Ripping debate: Reporters at national newspaper website were asked to rewrite seven stories a day without making any phone calls

Independent editor Christian Broughton told Radio 4 yesterday he was “sad” to hear of the “ripping” culture that has been highlighted on certain national news websites.

A Press Gazette article last month revealed that most of the graduate trainees at one national newspaper website had left journalism for PR because they were fed up with doing no original stories.

Ripping was the subject of a debate on Radio 4’s the Media Show at which freelance journalist Marie Le Conte revealed her experience of working on a certain national newspaper website, which she declined to name.

She said: “Junior reporters were expected to write between seven and eight stories a day and the way it works is an editor sends you a link to a story on another website and asks you to rewrite it.

“You do not have the time to make your own phone calls, you’re not expected to make your own phone calls and occasionally there will be stories where the sourcing looks a bit dodgy and I have been told before to ignore the fact that it looked a bit dodgy and rewrite it and publish it.”

Broughton told the programme that this was not the case at The Independent, which went web-only just over a year ago.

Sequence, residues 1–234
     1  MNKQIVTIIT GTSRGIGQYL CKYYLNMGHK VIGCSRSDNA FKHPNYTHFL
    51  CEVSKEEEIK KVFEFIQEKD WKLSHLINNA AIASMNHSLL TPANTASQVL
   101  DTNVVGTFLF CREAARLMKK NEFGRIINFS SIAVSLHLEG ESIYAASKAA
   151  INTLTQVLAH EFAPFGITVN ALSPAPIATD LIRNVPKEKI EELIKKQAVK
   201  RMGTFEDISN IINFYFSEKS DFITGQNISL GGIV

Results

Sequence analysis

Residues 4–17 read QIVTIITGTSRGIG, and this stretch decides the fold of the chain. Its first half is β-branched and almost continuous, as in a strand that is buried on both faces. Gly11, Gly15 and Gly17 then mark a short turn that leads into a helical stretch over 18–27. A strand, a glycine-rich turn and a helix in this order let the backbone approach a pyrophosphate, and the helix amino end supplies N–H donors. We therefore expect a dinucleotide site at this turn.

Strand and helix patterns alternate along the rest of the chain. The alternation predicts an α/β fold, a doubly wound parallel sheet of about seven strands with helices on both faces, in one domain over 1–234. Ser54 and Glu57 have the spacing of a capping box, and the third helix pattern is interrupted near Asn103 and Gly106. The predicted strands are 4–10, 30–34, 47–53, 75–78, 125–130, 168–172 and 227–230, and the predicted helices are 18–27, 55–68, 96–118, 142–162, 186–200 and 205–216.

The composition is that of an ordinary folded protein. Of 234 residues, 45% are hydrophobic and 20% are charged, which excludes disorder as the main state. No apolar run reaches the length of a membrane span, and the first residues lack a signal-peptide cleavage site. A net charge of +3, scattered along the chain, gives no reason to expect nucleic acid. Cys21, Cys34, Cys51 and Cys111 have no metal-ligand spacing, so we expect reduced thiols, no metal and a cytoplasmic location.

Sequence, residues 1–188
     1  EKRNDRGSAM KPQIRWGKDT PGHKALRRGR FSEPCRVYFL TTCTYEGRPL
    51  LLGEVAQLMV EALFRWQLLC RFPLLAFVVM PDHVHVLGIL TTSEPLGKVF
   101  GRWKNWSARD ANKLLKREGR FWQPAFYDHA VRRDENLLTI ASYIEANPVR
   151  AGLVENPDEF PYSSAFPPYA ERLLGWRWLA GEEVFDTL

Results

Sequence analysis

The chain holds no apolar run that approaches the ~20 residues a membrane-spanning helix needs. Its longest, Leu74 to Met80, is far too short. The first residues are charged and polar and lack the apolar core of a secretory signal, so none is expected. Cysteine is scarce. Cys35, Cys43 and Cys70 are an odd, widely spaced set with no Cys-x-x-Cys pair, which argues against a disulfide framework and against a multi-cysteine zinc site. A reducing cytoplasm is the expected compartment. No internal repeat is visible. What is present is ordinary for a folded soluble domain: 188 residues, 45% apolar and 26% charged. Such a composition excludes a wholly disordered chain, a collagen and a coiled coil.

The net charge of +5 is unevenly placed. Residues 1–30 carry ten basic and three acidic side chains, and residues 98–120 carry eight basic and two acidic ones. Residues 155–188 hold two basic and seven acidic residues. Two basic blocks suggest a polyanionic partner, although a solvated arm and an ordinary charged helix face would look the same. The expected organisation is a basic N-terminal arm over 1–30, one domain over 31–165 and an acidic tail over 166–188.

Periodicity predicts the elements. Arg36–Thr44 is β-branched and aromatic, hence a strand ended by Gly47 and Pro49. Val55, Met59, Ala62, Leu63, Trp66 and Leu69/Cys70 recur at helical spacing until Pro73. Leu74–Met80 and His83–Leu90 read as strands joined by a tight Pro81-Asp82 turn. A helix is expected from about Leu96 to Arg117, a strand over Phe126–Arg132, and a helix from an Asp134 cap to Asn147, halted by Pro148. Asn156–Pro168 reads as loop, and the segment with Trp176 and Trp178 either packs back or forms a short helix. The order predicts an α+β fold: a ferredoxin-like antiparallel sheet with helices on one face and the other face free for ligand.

He said: “We are certainly aware of it at other publishers, I would like to be clear that we don’t have that culture at The Independent – yes we do pick up stories…

“We are very careful of the content we put out, we are a trusted news brand and we have to live up to that. We are also very aware of the spin that’s put on stories by other publishers.

“It makes me sad to hear about those things going on so rampantly at other organisation but we encourage our young graduates to get involved in podcasting and video journalism and comment pieces and to pick the phone up and do all those things..

“Occasionally there is a news story where Donald Trump will say something and you have to capture that story as quickly and efficiently and accurately as you can, but if you can bring some context and analysis to that that’s going to be preferable.”

Broughton added: “Nothing grows your audience like an original, distinctive, interesting story that you really want to read.”

Press Gazette understands neither Le Conte, or the Press Gazette source, were talking about The Independent.

The Independent come in for criticism last month for lifting a court story from Wales Online with attribution but without payment. Yesterday, Press Gazette revealed that The Independent had agreed to pay freelance Glyn Bellis a £40 syndicataion fee for the story.

Comments

4 thoughts on “Ripping debate: Reporters at national newspaper website were asked to rewrite seven stories a day without making any phone calls”

  1. Perhaps Mr Broughton would like to justify the position to his peers on this website? Seems a bit shabby to be fighting a £40 syndication fee, if Independent has the high moral principles claimed on The Media Show….

  2. This is nothing new. When I was a youngster I did some work experience on the Gateshead Post and spend most of the week reporting stories ripped from the Evening Chronicle. I noticed Dominic Ponsford on the Media Show yesterday wouldn’t name one offender he referred to. Why not? Surely these organisations should be named and shamed.

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